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My	
  name	
  is	
  Katerina.	
  I	
  am	
  CEO	
  of	
  a	
  new	
  organisation,	
  Climate	
  for	
  Change.	
  
Climat...
1) Trust	
  –	
  this	
  comes	
  primarily	
  from	
  who	
  is	
  conveying	
  the	
  message,	
  but	
  also	
  the	
  ...
There	
  has	
  been	
  a	
  lot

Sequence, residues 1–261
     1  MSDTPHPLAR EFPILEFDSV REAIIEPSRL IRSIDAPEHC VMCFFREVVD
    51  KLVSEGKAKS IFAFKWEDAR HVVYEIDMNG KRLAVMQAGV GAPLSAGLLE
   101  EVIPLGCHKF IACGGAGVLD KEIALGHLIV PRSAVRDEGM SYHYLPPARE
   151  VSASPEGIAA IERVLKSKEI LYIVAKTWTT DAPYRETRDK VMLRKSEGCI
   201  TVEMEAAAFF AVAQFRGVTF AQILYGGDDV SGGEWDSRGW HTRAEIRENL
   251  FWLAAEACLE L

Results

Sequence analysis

of	
  debate	
  within	
  the	
  climate	
  movement	
  about	
  whether	
  or	
  not	...
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Climate for change talk

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PSC Conference 2015

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Climate for change talk